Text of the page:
Facebook turns infants into instant stars
My son arrived last week, equipped with fully functioning lungs and larynx, and scarcely had I cut the cord before his tiny scrunched face was available for viewing around the world.
Or to people on Facebook, anyway.
Which amounts to the same, come to that.
Facebook is a pretty fair synonym for ubiquitous, certainly.
The global exposure of Max Edmund Jacoby has continued apace in the days since his first appearance (well, first save for on a computer monitor via ultrasound scanner).
His notoriety has spread, in the manner of a virus, thanks to an abundance of hosts in the form of aunts, siblings and assorted other relatives, all of whom have Internet access.
Our race’s fascination with birth is of course an ancient one. I suspect announcements were once scrawled on papyrus or chiseled into stone tablets.
What’s new, relatively speaking, is our ability to broadcast the intimate details both immediately and in a manner less cumbersome than by a series of telephone calls.
(Or stone tablet.)
It used to be, for instance, that expectant fathers were confined, apparently by force if necessary, to a waiting room in the hospital.
There they would languish and, of course, pace. (Like as not, with a lit cigarette in one hand and a fedora in the other.) Finally a white-uniformed nurse entered discreetly to deliver the verdict on gender and weight.
Then the father would hand out the appropriately labeled cigars, and the tobacco miasma would get thicker still.
Today, a hospital visitor would no more light up than he would go around the ICU pulling plugs and randomly twisting dials on machines.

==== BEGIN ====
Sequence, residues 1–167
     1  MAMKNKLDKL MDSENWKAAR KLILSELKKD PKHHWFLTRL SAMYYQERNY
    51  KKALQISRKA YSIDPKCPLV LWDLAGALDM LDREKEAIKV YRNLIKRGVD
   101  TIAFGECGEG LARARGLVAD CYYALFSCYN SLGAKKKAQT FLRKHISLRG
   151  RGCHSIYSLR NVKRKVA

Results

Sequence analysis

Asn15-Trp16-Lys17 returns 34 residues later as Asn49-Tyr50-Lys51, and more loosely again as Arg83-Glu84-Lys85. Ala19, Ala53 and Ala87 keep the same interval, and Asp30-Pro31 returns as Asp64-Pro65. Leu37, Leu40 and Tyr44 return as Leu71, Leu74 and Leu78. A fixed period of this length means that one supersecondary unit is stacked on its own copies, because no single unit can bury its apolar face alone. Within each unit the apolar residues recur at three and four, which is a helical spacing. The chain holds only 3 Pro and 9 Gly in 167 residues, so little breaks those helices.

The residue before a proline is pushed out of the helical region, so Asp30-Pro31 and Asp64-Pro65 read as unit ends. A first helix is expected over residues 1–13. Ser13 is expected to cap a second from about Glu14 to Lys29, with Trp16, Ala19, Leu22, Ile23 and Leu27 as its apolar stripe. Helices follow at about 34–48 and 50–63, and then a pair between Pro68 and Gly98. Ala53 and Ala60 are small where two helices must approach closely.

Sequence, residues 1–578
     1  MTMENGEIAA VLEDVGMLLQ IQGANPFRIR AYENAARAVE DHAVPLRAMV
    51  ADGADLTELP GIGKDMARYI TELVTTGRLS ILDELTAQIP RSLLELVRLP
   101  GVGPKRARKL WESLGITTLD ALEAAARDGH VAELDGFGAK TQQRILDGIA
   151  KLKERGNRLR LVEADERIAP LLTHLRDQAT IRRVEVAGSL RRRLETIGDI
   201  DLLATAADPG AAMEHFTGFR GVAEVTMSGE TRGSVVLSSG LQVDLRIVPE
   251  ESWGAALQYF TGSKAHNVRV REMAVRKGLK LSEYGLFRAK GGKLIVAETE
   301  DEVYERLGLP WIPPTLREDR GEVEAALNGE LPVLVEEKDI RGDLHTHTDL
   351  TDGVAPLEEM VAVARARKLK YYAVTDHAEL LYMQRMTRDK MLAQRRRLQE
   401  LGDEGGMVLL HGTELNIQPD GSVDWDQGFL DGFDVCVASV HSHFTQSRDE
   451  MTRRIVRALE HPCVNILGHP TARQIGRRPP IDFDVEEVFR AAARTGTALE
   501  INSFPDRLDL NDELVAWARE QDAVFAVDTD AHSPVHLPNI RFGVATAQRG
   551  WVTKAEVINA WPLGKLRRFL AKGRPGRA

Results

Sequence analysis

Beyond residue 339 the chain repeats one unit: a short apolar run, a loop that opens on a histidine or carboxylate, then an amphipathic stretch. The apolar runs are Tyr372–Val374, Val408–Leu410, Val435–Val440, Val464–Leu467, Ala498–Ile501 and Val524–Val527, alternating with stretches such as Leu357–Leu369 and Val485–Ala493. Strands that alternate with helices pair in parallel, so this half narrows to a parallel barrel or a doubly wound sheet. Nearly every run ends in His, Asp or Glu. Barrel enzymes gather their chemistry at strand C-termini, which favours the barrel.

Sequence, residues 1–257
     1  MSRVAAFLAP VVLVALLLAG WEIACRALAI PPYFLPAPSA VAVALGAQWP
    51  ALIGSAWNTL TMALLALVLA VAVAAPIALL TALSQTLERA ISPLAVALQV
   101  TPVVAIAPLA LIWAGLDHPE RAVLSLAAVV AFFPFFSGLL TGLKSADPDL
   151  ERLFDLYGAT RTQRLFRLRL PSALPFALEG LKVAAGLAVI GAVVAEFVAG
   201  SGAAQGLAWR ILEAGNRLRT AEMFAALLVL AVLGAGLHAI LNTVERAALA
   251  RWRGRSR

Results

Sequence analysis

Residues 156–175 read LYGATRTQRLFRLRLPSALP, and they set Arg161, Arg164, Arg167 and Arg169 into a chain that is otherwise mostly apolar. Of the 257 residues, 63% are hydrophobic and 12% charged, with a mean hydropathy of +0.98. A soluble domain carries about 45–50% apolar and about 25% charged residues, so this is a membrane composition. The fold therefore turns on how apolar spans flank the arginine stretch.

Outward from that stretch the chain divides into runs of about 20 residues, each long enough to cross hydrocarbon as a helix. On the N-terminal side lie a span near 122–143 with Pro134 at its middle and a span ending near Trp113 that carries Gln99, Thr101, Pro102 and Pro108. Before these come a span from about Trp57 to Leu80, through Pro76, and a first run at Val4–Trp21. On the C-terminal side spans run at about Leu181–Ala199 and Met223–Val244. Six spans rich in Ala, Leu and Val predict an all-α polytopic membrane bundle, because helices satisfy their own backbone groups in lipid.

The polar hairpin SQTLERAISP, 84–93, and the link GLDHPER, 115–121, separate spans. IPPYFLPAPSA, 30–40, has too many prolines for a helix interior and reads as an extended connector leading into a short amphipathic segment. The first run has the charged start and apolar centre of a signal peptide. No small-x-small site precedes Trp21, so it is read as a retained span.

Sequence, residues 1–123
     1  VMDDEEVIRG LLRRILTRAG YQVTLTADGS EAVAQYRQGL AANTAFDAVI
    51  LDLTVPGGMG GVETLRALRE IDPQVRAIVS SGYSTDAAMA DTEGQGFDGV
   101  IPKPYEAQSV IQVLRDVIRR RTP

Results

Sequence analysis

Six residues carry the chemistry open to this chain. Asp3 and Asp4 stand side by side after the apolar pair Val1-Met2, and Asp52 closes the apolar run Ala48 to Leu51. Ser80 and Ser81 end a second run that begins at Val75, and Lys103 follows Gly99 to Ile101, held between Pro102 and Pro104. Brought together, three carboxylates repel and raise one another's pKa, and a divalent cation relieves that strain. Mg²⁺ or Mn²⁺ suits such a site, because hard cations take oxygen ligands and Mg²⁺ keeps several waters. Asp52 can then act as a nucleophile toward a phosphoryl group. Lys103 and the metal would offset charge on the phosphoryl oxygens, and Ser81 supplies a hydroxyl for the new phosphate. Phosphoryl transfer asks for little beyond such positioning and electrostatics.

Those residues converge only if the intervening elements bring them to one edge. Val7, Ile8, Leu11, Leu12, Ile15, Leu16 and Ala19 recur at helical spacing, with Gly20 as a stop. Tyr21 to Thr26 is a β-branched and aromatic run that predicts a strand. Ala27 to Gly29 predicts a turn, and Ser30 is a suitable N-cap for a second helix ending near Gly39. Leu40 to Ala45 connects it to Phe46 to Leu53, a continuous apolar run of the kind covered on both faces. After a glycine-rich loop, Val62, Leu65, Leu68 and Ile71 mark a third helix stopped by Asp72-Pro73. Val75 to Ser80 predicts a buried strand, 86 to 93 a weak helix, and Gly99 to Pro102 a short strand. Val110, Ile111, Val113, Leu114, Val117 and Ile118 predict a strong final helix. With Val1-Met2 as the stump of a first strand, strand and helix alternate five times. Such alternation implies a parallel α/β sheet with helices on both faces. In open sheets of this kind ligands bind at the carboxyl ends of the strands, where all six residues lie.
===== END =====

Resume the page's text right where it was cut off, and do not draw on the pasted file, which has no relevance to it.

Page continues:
And these days dads, freed from the prudish constraints of the past, intrude into every aspect of the reproductive cycle.
They haunt the delivery room, trying to help their wives by submitting their hands to the vise-like grip of mid-contraction.
They clutch high-definition video cameras and ask the doctor, when the baby’s head crowns, to move his hand because it’s ruining the scene.
And then, before the placenta has been expelled, they post the whole messy procedure on YouTube for the perusal of cyber-voyeurs on every continent.
This is what we call progress.
Which it is, of a sort.
When my older daughter was born 19ﬁ years ago, my distant relatives didn’t get a look at her until we’d had the film developed and the photos mailed.
Neither of which is a minor matter when you’re dealing with 2 a.m. feedings.
This time, my sister and her family, who live in Virginia, had seen Max before he was three hours out of the womb.
And before he was three days old they had watched, in real time, as he performed his greatest trick — sleeping — via that Jetsons-style miracle called Skype.
I think it’s a fine thing that families can share with their loved ones, so quickly and personally, the joy of such a blessed event as the birth of a child.
Yet, in common with the Internet in general, this facility carries the inherent risk of overuse.
Max, for instance, has so far progressed nicely. He suckles on a predictable schedule and ejects the expected fluids from the appropriate orifices.
But I’m not about to start recording his diaper changes for the edification of Facebook friends from Baker City to Bangladesh.
Jayson Jacoby is editor of the Baker City Herald.